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Two thousand three hundred registrations, two offline events, 33 days, 350 ideas, 14 shortlisted teams, 11 jury members, one grand finale, three winning teams. These are the key figures for the first elevator and escalator industry hackathon in India, which welcomed young talent to come up with creative ideas for smart elevator solutions.
“The focus of this hackathon was to bring two worlds together: KONE’s long history of innovation and expertise, and fresh ideas from the outside,” said Visa Friström, who heads KONE’s partnership development and was one of the 11 jury members for the event organized by KONE in collaboration with IBM.
“The passion, excitement and hard work made this event really special. Teams were well prepared, both from the pitching point of view and the point of view of how the demos were working – there were no issues.”
IDEAS FOR ENHANCING PEOPLE FLOW
In March, hackers from across India flocked to the India Technology and Engineering Center (ITEC), their minds set on winning the top title in the KONE India Hackathon. After a grand inauguration, 14 shortlisted teams presented their final ideas to the jury.
The groundbreaking ideas showcased by the teams were based on four themes: smart elevators, user security, utility tools, and open theme. The jury saw ideas for new technology, including prototypes and demos on how to enhance people flow, and at the end of the day, they had the difficult task of picking the best of the best.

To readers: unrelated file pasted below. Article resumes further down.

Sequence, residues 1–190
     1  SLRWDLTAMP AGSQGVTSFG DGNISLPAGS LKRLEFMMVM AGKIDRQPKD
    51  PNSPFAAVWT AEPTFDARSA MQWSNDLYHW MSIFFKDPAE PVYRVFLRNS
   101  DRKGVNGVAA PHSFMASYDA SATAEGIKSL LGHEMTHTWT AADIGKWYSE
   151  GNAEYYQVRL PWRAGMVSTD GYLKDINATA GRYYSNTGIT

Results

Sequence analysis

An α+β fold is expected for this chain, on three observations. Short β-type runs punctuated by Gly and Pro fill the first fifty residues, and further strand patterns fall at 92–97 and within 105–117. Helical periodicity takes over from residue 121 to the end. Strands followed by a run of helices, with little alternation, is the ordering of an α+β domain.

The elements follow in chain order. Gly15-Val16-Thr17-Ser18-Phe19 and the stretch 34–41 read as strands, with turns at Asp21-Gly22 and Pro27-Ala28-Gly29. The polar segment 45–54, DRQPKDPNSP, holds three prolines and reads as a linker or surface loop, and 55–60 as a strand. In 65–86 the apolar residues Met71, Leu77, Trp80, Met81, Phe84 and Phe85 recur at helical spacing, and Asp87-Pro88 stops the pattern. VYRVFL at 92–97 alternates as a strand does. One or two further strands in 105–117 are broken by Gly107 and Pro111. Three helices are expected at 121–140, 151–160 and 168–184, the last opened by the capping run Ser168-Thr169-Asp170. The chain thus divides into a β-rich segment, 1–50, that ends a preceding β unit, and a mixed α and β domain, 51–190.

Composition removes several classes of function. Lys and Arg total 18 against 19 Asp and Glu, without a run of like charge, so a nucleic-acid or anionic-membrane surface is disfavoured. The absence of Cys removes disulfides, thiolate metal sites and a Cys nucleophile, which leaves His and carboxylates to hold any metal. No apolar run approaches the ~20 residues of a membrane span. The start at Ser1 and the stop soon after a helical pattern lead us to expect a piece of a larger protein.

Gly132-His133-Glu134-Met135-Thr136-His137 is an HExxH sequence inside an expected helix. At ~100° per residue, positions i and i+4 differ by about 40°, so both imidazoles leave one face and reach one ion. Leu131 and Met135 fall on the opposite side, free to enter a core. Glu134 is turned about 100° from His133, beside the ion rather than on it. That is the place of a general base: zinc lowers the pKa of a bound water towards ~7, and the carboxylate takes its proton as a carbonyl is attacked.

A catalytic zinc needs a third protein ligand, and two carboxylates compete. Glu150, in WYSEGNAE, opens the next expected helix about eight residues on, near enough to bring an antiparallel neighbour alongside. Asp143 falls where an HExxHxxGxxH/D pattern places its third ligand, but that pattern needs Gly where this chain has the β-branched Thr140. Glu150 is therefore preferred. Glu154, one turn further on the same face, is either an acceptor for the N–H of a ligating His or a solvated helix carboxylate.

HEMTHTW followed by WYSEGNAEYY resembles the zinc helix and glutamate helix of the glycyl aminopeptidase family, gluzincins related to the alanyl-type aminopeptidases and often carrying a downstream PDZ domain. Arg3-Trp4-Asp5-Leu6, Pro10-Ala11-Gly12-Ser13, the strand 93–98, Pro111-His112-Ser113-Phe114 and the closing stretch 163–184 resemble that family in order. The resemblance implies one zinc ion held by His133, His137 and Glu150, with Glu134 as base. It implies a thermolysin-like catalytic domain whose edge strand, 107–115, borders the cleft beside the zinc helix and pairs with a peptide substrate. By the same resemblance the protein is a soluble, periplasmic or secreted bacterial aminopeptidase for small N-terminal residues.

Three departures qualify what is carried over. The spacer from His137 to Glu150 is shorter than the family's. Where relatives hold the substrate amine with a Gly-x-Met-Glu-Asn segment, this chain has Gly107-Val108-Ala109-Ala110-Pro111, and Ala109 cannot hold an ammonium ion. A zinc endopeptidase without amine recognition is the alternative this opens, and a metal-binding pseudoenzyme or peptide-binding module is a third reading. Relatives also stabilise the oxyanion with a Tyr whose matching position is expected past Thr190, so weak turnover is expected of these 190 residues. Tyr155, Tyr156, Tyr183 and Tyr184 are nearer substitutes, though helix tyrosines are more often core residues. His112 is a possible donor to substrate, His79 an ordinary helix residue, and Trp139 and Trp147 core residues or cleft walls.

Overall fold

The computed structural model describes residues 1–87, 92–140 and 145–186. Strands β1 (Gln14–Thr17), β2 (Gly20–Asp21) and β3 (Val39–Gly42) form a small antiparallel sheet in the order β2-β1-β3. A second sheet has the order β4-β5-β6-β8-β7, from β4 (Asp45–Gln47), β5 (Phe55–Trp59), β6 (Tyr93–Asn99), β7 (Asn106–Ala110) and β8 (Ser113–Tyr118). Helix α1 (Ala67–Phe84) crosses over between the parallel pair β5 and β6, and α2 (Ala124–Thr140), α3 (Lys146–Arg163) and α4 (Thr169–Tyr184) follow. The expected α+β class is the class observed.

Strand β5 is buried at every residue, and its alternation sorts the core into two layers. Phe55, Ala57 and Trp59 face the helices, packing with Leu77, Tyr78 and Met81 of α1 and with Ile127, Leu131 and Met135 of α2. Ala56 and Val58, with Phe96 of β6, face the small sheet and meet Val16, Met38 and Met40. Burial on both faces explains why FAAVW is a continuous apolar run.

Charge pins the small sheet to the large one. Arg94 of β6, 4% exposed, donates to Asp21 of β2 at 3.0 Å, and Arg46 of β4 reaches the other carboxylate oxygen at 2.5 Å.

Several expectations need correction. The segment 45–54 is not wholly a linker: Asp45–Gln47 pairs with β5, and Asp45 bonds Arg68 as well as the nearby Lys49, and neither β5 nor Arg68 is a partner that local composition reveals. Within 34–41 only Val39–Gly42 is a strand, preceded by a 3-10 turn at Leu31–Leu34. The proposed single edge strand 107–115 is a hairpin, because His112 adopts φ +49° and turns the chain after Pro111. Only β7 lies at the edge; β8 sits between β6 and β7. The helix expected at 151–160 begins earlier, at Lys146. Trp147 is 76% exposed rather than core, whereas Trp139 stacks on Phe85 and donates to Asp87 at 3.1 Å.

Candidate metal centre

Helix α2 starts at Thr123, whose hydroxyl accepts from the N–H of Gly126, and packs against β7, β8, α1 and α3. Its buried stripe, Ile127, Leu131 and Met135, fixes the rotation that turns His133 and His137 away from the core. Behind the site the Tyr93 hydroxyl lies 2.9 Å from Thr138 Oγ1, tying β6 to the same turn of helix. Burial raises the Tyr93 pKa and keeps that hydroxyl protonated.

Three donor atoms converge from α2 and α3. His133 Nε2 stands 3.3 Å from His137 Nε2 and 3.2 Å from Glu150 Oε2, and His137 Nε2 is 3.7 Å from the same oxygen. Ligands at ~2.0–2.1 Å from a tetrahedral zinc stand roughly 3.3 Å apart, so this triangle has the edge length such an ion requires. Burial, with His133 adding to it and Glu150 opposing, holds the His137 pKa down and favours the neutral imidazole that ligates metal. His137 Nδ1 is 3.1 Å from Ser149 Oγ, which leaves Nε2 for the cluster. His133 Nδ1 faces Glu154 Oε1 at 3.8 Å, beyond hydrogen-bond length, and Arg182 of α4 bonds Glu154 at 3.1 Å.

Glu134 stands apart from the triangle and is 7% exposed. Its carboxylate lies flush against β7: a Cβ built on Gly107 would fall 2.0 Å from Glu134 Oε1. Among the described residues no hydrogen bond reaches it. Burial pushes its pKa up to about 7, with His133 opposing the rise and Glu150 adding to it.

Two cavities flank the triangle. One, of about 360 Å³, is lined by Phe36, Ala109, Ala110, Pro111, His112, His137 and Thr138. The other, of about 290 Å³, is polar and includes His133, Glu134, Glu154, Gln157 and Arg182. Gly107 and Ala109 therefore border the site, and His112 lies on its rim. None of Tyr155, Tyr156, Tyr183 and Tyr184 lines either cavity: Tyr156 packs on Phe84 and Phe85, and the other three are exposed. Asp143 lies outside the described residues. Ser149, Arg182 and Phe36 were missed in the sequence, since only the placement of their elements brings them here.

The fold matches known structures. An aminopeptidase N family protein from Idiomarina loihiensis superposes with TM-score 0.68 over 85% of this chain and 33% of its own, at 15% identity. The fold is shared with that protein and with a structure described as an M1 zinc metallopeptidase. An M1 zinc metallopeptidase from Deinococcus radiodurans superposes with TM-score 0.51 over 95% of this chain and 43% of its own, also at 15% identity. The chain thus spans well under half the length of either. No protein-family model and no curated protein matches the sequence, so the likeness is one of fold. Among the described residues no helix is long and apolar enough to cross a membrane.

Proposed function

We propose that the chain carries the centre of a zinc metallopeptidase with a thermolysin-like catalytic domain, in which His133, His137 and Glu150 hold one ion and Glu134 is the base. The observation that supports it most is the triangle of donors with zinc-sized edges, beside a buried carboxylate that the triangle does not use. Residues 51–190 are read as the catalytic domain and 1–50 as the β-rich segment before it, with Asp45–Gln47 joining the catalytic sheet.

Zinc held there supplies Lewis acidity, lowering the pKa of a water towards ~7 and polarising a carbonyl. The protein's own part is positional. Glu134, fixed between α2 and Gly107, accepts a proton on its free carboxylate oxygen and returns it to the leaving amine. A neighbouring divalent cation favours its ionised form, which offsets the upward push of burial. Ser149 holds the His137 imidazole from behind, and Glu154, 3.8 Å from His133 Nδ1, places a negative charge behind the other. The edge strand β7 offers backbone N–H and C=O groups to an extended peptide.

The jury included representatives from IBM, ITC Infotech, Persistent Systems and KONE.
The Alnstein team bagged the top prize for their creative way of using unexpected occurrences in datasets to predict breakdowns before they happen. The team of three second-year university students took home a cash prize of 400,000 Indian Rupees (5,600 euros). They will also work with our global research and development team in Finland to further develop their idea and implement it in real time.
“The winning team demonstrated the usage of a rich set of data available from our equipment and add-on sensors, identified what components could fail and how to take action before the failure creates disruption,” says Teppo Voutilainen, who heads KONE’s New Services and Solutions team. “They managed to turn complexity into a logical architecture very quickly and showed great dedication in testing parameters and improving the reliability of code over time.”